. . .

In 1991, Webb worked Tuesday-Friday from April-June until he went off on worker's compensation. In 1992, Webb missed work until July 21, 1994, after which he worked Tuesday-Friday during the summer schedule. In 1993, he worked Tuesday-Friday during the summer schedule.

But for the time that he temporarily filled in for the Sign Technician in 1990, then, Webb has always worked the Tuesday-Friday summer schedule.

Webb filed the instant grievance on March 28, 1994, and there claimed that the City was violating Article 7, Section 2A, of the contract by not letting him work Monday-Thursday under the summer schedule.

As I ruled at the hearing, there is no merit to the grievance because:

One, Webb was expressly informed when he became an Electrical Worker in 1990 that his summer schedule would be Tuesday-Friday.

Two, Webb was expressly told in 1990 that he would work the Monday-Thursday summer schedule only until the Sign Technician returned to work.

Three, there is no past practice or bargaining history supporting the grievance.

Four, there is nothing in the contract which gives Webb the right to insist on a Monday-Thursday summer schedule.

Five, the contract in Article 7, Section 2A, expressly gives the City the right to establish the summer schedule for each classification, which is exactly what the City has done here since 1990 by assigning Webb to the Tuesday-Friday schedule except for the several months that the Sign Technician was absent from work in 1990.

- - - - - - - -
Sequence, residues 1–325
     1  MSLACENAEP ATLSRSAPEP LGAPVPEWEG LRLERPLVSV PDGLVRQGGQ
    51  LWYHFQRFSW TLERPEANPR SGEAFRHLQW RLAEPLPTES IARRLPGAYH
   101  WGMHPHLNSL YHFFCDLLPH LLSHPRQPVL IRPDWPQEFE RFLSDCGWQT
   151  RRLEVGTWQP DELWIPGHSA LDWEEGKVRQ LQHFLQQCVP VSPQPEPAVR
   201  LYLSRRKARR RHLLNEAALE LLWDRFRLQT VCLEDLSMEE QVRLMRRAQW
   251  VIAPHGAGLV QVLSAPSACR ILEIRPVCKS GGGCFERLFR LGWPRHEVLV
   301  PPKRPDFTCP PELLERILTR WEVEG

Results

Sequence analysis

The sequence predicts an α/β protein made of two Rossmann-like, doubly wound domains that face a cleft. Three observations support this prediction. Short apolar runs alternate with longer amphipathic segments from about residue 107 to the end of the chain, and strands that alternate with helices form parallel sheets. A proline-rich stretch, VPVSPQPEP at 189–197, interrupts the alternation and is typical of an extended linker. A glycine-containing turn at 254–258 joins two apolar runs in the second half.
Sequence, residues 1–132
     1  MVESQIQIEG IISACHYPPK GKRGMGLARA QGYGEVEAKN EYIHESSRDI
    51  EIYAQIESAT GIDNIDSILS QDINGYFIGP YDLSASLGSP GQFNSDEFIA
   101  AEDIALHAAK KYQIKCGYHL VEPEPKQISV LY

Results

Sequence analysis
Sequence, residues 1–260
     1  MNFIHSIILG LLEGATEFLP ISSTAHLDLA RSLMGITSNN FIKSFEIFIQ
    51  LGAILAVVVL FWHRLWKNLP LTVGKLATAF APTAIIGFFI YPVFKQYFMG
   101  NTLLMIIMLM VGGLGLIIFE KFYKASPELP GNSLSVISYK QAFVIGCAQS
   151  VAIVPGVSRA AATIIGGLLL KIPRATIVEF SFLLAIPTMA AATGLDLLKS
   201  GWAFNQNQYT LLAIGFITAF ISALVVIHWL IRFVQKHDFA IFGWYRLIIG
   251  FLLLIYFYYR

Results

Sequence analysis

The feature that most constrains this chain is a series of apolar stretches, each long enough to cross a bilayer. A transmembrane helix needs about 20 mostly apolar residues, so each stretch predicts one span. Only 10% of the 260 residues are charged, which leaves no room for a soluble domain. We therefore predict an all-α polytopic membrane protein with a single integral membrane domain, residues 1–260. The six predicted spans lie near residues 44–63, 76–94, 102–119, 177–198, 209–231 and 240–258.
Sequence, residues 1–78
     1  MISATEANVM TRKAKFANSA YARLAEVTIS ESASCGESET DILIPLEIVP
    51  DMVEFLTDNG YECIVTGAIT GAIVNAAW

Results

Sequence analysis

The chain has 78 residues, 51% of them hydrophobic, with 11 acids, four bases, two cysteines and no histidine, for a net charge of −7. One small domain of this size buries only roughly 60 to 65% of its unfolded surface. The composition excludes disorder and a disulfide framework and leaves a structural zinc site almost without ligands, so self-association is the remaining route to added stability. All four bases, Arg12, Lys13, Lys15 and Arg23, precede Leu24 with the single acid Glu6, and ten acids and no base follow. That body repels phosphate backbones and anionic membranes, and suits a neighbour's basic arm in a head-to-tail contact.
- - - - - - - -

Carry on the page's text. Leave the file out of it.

As a result of the foregoing, the grievance has no contractual basis.

Nevertheless, the Union argues that the City should have accommodated Webb's desire for a different schedule in 1994 because it has accommodated the Sign Technician in the past and because the City has not established that it needs Webb to work Tuesday-Friday. The problem with this claim is that employers often can things that they are not absolutely required to do. That, after all, is what management direction is all about, and that is a matter expressly reserved to the City under Section 7.01 2,A, of the contract which states that the City retains the right to "determine the number of employes and the classifications needed in the respective work weeks."

The mere fact that such discretion has been exercised one may in the past, then, does not automatically mean that it must be exercised the same may for all other employes who want to change the hours of their employment. That is why the City is not required to alter Webb's Tuesday-Friday summer schedule since that is the schedule established for his position.

In light of the above, it therefore is my

AWARD

That the City did not violate Article 7.01, Section A,2, of the contract when it failed to assign grievant Keith Webb to the Monday-Thursday summer schedule; the grievance is therefore denied and dismissed.

Dated at Madison, Wisconsin this 8th day of November, 1994.

By Amedeo Greco /s/

Amedeo Greco, Arbitrator